But I didn’t make a wish and suddenly appear on the flooding banks of the John Day River, 45 miles upstream from where I turned around a few days ago, I was dropped off by my new and very interesting acquaintance, Max.

K’Lynn from the chamber connected us. It has been a trail magic kind of morning, and I was able to christen two more trail angels.

First, K’Lynn. It was her birthday today! She paused a meeting to say hello, welcomed some other visitors, sold me some new locally made earrings, and arranged a ride for me to Clarno with Max. Thank you SO MUCH K’Lynn!

Then Max. Max drives up in an old Ford pickup the most beautiful color of blue. He retired to Condon a few years ago from bigger cities, and we had lots to talk about on the hour drive to Clarno. We talked books – he knew all the backpacking greats (A Walk in the Woods, Wild), and was a student of regional history, so he will going to email me with a list of suggestions about the area. We talked about the Rashnish (their compound bordered the banks of the river across the way from Spring Basin Wilderness where I will hike today. If you are not sure what I’m referring to, watch Wild Wild West on Netflix.), and other such topics like the Bob Marshall Wilderness, Alaska, and fossils.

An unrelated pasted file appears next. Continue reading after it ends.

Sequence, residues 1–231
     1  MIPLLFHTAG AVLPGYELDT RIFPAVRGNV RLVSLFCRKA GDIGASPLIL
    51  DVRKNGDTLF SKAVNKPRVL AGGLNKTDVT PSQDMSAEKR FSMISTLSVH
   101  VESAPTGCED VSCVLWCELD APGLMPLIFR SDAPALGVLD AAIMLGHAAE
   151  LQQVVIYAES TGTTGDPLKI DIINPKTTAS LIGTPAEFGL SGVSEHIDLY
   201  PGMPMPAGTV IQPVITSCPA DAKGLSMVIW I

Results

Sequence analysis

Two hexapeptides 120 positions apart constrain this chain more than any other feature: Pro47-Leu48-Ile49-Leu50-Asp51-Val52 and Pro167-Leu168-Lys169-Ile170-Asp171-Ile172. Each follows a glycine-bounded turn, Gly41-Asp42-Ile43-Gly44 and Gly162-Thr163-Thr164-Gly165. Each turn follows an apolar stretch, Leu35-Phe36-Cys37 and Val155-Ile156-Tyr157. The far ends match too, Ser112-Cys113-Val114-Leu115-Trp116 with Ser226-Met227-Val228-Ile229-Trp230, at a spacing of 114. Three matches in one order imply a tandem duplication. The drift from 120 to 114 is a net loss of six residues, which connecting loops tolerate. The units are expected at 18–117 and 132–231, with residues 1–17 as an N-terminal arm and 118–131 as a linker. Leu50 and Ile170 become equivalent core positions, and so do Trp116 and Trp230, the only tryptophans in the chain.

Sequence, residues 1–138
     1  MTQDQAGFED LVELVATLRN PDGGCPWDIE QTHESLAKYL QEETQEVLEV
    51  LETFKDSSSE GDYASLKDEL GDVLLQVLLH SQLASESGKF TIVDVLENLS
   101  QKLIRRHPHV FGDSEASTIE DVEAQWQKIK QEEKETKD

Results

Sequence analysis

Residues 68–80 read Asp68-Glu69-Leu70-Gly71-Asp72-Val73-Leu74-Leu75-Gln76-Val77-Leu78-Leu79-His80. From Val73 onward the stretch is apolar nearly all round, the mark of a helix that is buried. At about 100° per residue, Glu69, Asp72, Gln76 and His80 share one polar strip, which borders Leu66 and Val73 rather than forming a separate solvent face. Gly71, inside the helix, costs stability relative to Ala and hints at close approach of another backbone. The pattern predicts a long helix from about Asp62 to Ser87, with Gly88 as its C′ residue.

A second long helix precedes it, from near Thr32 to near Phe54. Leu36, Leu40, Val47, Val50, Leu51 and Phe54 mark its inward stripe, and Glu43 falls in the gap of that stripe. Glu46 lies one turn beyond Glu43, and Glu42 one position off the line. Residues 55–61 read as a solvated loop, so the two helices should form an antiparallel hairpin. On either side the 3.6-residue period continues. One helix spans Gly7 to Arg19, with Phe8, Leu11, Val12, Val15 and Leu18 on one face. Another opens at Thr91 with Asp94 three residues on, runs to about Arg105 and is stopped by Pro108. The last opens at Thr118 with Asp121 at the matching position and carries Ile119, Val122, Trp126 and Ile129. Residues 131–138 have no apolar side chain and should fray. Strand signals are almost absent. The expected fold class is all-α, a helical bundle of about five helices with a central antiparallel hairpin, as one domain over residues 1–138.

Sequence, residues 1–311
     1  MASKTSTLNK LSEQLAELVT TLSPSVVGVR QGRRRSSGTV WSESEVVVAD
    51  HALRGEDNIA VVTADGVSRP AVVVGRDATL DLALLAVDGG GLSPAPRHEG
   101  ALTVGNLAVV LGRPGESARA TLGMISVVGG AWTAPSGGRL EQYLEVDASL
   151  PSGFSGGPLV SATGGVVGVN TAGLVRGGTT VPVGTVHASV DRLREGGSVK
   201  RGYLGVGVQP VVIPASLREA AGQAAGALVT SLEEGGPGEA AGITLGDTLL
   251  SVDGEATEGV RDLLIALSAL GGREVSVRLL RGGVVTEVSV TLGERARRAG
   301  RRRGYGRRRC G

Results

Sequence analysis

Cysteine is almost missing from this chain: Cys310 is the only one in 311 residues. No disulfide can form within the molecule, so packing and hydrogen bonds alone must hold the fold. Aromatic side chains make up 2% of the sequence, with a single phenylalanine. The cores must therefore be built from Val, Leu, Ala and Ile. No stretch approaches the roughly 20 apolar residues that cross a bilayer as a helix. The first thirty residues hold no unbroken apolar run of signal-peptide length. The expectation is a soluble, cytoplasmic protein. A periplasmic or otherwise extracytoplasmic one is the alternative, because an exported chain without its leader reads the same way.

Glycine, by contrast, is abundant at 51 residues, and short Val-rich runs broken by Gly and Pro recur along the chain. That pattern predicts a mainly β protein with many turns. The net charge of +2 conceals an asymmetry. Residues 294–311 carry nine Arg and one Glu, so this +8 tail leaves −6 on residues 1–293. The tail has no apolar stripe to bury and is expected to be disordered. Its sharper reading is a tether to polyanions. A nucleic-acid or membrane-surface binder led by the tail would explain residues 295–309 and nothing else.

I’m so glad I went into Condon. It was such an unexpected perk to the trip. The lesson of a thru-hike is that it sometimes happens to you. You can assert your will about how the trip will go, but ultimately you are not in charge. You have to go with the flow…there are always obstacles: fires, too much snow, injuries, weather…expect change!